Reality TV Meets Thomas Edison

Issue 9 and Volume 109.

Unless you’ve been stranded on a desert island for the past few years, you’ve undoubtedly seen one or more of the many “reality” shows dominating the TV programming landscape. From Survivor and Fear Factor to more sedate home improvement shows like While You Were Out and Trading Spaces, these reality shows have captured the imagination and interest of a broad swath of the viewing public.

A few recent announcements in the energy sector seem aimed at tapping into this fascination with the vicarious, but I believe they’ve done more than just spark curiosity. They’ve injected some ingenuity into an industry that, while always technically advanced, has struggled to capture the public’s imagination. And while some critics will say the announcements amount to superficial marketing gimmicks, I say, “So what?”

The Foxboro Automation unit of Invensys Process Systems announced a campaign in late June in which a control room in North America will receive a “makeover” valued at $350,000. An expert team of judges will identify the control room most in need of a facelift, and a legion of design, engineering, aesthetic and ergonomic experts will then perform a functional and cosmetic upgrade.

Beyond the obvious marketing and brand name recognition buzz that Foxboro and its partners expect to garner through this effort, there is a practical objective as well: “While we’re certainly trying to have some fun by launching this TV-reality-show-inspired ‘makeover’ campaign, we also hope to…encourage North America’s process plants to take the necessary steps to empower their operators by upgrading their control rooms,” said Paul Steinitz, marketing director.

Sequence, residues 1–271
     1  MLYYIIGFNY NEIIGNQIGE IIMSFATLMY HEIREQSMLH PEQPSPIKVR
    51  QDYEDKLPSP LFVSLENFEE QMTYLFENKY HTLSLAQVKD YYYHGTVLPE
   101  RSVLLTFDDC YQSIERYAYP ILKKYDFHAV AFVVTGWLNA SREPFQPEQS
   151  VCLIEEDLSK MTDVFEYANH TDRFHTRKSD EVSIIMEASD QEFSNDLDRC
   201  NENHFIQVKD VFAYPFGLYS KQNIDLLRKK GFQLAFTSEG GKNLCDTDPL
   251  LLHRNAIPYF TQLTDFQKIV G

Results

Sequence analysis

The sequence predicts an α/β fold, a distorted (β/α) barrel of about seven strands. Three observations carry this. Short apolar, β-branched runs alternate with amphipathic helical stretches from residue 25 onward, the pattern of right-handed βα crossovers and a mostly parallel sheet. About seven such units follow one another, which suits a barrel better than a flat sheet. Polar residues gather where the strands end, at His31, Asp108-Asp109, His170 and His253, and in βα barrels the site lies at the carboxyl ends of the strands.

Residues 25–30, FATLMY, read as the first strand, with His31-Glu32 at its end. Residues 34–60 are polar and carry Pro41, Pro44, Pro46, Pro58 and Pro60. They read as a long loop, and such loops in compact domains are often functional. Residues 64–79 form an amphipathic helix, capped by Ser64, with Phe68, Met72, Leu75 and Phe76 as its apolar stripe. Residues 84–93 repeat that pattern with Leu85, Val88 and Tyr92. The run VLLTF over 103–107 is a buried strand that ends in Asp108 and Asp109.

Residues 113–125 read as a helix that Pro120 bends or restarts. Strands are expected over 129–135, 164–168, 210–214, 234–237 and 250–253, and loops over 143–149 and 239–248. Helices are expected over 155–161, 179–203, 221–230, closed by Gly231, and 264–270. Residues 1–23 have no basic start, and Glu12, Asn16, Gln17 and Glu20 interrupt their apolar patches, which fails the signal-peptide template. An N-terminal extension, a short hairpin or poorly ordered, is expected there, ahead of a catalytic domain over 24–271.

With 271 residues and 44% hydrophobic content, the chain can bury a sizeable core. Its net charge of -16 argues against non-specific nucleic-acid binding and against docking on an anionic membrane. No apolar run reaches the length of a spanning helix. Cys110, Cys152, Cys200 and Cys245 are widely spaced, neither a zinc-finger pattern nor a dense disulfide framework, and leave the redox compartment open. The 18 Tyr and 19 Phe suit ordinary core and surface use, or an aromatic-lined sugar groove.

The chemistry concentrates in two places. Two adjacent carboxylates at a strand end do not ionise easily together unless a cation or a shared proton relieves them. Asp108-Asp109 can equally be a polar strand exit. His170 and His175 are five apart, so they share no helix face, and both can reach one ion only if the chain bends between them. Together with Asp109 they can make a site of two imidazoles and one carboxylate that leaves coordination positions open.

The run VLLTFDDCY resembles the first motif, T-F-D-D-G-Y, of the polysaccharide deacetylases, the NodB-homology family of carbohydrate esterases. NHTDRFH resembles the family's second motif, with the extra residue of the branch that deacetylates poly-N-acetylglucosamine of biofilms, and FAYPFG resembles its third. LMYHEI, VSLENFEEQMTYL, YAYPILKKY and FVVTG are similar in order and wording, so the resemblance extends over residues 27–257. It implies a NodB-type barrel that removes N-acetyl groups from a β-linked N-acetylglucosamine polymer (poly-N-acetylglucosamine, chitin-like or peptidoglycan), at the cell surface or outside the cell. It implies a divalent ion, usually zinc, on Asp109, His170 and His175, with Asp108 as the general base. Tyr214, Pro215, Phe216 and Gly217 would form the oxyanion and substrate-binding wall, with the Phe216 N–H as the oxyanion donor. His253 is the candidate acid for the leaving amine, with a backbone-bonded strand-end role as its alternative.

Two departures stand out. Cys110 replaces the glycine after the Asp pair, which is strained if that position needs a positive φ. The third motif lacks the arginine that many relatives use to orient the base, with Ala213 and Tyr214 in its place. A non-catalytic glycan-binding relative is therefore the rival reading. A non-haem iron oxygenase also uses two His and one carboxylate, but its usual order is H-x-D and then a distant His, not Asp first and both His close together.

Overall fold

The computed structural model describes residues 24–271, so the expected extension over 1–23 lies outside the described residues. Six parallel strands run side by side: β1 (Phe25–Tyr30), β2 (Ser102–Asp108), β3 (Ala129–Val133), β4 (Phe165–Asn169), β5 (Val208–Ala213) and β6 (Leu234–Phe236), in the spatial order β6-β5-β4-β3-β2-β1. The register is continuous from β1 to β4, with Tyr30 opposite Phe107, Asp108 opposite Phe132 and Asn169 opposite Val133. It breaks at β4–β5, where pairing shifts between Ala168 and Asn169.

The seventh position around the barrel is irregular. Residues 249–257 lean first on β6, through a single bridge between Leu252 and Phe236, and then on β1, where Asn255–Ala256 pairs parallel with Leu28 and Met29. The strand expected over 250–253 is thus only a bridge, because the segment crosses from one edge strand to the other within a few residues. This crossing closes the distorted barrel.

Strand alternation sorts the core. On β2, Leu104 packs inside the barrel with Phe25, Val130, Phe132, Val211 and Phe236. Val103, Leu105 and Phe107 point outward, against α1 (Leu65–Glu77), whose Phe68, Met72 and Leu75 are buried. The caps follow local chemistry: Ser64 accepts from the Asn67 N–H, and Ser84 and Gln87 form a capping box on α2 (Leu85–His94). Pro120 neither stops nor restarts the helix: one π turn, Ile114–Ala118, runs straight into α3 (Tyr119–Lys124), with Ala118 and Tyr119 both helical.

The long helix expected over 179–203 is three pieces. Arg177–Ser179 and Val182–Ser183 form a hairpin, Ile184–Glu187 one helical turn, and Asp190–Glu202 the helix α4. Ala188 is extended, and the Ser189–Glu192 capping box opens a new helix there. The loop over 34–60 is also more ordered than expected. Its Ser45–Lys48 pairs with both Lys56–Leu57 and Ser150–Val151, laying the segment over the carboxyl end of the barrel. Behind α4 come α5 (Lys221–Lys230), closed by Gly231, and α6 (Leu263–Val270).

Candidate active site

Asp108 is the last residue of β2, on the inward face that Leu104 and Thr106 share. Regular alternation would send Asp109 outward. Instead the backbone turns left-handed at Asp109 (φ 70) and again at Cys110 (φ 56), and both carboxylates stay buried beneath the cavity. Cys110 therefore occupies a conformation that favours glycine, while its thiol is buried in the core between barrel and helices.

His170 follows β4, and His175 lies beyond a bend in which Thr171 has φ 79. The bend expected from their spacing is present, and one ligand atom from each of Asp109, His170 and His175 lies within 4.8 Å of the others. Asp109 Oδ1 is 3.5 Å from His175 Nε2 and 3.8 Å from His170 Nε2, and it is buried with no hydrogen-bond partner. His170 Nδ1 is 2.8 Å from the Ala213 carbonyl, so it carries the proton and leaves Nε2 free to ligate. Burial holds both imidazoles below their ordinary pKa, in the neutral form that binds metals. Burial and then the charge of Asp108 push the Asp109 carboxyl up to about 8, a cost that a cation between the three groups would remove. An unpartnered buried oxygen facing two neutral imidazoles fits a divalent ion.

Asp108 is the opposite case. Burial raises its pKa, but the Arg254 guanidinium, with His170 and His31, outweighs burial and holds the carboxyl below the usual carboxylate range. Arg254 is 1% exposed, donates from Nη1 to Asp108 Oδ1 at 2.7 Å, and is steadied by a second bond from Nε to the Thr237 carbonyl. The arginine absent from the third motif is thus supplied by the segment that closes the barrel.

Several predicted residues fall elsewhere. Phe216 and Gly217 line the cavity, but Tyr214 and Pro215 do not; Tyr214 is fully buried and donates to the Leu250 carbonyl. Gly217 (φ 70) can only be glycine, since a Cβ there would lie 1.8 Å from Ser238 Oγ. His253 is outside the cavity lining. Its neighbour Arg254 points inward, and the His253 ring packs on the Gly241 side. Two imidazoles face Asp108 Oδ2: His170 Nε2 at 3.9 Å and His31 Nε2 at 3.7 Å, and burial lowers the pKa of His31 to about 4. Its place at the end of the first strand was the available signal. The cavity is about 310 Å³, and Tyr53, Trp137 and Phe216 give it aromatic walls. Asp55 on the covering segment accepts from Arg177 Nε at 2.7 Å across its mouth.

The second announcement I’d like to comment on has to do with the controversial offshore wind project being developed by Cape Wind Associates off of Cape Cod, Mass. Project opponents are convinced the offshore wind turbines will destroy the natural beauty of the Nantucket Sound. Cape Wind and its supporters have fought mightily for the project – with a measure of success – but the opposition remains.

In a unique effort to simultaneously stare down the opposition and solicit their input, Cape Wind has announced a competition in association with the Boston Society of Architects to develop an overall “wind energy experience” that will integrate aesthetic, design and educational elements.

The entries must respect Cape Wind’s economic viability and engineering criteria, but beyond that, creativity is encouraged to identify and propose alternate “visions” for the project – e.g., secondary uses for the turbine field such as a water sports venue, an offshore sculpture garden, and a tourist attraction. While Cape Wind is not committing to adopting the vision of the winning entry, it will evaluate the entries to identify elements that can be cost-effectively integrated into the project design.